Dayboro’s 5D interpolation program regularizes Pre-stack 3D seismic data in 5-Dimensions; Time, CMPX, CMPY, Azimuth, and Offset. The result of this program is a set of regularized CDP gathers fully populated for each azimuth and all offsets for every CDP. Regularization will help pre-stack migration with cancelation, help remove acquisition imprints and since only the dominant spectral events are being extracted for the output, many forms of noise are left behind. Moreover, the Azimuth Sectors are well populated so that accurate Azimuthal analysis becomes feasible.

This program regularizes Prestack 3D seismic data in five dimensions. The five dimensions involved are time, CMPX, CMPY, azimuth, and offset. Time refers to trace sample time and is regular to start with. CMPX and CMPY are the common mid points between the shot and the receiver in the X and Y directions respectively. Azimuth is the bearing of the shot to receiver vector. Offset is the absolute distance from shot to receiver. The end product of this program is a set of regularized CDP gathers. Each output gather has the same number of traces. Each trace in each output gather has a CMPX and CMPY equal to that of the output CDP bin centre coordinate that it belongs to. Within each azimuth bin, in each output gather, there are traces with offsets incrementing in an orderly fashion.

For example the regularized output might have:

CDP gather every 50 meters in inline and xline directions

8 symmetric azimuth bins centered at 0, 22.5, 45, 67.5 90, 112.5, 135 and 157.5 degrees

32 offsets incrementing by 50 meters from 50 to 1600 meters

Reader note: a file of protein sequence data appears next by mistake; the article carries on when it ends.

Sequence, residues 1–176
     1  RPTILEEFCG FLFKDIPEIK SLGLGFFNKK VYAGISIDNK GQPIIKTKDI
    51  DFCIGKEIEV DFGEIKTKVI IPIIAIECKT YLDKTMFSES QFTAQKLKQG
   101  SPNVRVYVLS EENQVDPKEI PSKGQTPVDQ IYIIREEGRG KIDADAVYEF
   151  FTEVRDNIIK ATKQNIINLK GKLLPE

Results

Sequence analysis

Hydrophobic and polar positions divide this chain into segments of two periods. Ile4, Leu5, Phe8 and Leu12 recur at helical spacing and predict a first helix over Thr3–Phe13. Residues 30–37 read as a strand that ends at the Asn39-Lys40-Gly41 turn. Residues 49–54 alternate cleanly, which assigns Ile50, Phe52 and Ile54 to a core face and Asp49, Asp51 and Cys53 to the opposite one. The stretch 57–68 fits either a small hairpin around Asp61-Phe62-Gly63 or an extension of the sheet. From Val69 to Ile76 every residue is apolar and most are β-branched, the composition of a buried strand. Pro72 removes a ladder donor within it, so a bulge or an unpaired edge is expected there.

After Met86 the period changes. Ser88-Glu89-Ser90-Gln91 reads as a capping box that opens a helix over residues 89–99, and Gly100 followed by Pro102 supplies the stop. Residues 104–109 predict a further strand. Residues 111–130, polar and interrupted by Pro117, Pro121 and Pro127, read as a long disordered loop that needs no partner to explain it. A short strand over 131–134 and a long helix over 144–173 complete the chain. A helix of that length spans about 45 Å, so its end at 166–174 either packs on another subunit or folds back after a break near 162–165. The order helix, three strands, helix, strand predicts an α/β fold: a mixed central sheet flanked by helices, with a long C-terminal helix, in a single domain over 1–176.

There are many benefits of regularized data such as:

- Regularized data will help prestack migration with cancelation
- Regularized data will tend to remove aquistion imprints
- Since only the dominant spectral events are being extracted for the output, many forms of noise are reduced

The method that this program uses to regularize the data is as follows:

- Prestack data is broken up into overlapping temporal and spatial blocks
- For each block each trace is converted into the Fourier domain.
- Each frequency slice is transformed into a 4 dimensional Fourier domain of CMPX, CMPY, AZIMUTH, and OFFSET, using a non-uniform Fourier transform
- The Fourier transform of the frequency slice is reshaped to represent the frequency slice with the least number of significant spectral events

- A reverse 4 dimensional transform is performed to produce the regularized frequency slice

- Reverse Fourier transforms are performed to produce the regularized traces in the block

- All the regularized blocks of data are combined to create the output regularized CDP gathers.

References used in the development of this program are:

Fessler, J. A.,Bradley P. Sutton, 2003, Nonuniform Fast Fourier Transforms Using Min-Max Interpolation:IEEE T-SP,51(2):560-74, Feb. 2003.

Greengard, L., 2004, Accelerating the Nonuniform Fast Fourier Transform: SIAM REVIEW,Vol. 46, No. 3, pp. 443-454

Press W. P., Saul A. Teukolsky, William T. Vetterling, Brian P. Flannery, 1994, NUMERICAL RECIPIES in C, The Art of Scientific Computing, Second Edition: Chapters 12 and 13.

Poole, G., Philippe Herrmann ,CGGVeritas, 2007, Multi-dimensional data regularization for modern aquisition geometries: SEG/San Antonio 2007 Annual Meeting

Poole, G., 2010, 5d Data Reconstruction Using The Anti-Leakage Fourier Transform, Barcelona ’10

Sacchi M.,2011, ABC’s of Seismic Data Regularization: CSEG Convention Short Course, May 4, 2011

Sheng XU, Yu Zhang, Don Pham, and Gilles Lambare, 2005, Antileakage Fourier transform for seismic data regularization: GEOPHYSICS, VOL. 70, NO. 4

Trad, D. Five-dimensional interpolation: Recovering from acquistion constraints:GEOPHYSICS, VOL. 74, NO.6

On the all 3D datasets we have processed the 5D Interpolation provided a significant uplift to the data.